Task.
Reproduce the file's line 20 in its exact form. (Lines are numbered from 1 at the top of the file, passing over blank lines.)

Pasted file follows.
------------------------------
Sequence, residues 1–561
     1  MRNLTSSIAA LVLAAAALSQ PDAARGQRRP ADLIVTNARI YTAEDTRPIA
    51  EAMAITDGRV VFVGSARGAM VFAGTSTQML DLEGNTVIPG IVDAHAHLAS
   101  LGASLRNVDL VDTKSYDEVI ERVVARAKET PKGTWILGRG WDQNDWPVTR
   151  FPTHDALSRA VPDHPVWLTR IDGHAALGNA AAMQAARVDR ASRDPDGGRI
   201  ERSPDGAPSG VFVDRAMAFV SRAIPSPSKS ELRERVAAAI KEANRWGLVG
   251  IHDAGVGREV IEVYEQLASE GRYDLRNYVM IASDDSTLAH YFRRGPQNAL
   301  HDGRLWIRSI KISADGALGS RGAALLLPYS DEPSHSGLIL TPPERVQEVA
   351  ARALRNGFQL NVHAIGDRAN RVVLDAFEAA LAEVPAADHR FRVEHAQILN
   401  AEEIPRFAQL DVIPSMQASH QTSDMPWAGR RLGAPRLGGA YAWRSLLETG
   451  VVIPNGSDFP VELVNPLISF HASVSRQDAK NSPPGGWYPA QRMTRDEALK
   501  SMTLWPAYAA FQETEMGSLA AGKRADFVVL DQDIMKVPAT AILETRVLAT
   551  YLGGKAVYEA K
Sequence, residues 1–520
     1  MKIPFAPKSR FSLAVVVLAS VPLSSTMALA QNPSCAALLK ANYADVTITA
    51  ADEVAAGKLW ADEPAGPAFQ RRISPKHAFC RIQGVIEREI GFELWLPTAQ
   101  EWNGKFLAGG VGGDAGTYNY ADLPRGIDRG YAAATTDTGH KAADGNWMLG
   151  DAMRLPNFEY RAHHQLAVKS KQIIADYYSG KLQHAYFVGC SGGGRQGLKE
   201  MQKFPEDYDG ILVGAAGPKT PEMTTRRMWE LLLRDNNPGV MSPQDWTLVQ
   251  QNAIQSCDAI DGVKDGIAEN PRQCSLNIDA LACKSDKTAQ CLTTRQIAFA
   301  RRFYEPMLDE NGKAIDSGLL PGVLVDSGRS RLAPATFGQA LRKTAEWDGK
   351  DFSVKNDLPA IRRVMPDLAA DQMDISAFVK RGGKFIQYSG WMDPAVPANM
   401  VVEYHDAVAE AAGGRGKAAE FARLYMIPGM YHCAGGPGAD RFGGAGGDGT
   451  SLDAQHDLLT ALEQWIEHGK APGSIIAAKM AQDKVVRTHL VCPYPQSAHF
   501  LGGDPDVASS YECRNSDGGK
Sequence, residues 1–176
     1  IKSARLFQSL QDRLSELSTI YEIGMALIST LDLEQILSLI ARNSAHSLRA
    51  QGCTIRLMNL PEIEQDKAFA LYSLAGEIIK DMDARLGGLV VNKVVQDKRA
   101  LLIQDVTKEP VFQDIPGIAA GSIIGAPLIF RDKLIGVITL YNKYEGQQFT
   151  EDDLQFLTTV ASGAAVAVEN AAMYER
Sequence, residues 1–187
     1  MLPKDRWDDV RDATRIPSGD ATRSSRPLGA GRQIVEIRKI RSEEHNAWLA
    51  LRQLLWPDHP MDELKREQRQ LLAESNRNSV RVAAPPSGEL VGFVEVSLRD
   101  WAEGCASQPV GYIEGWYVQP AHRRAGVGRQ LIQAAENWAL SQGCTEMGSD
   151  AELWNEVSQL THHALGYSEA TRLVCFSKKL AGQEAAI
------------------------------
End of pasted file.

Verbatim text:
   251  QNAIQSCDAI DGVKDGIAEN PRQCSLNIDA LACKSDKTAQ CLTTRQIAFA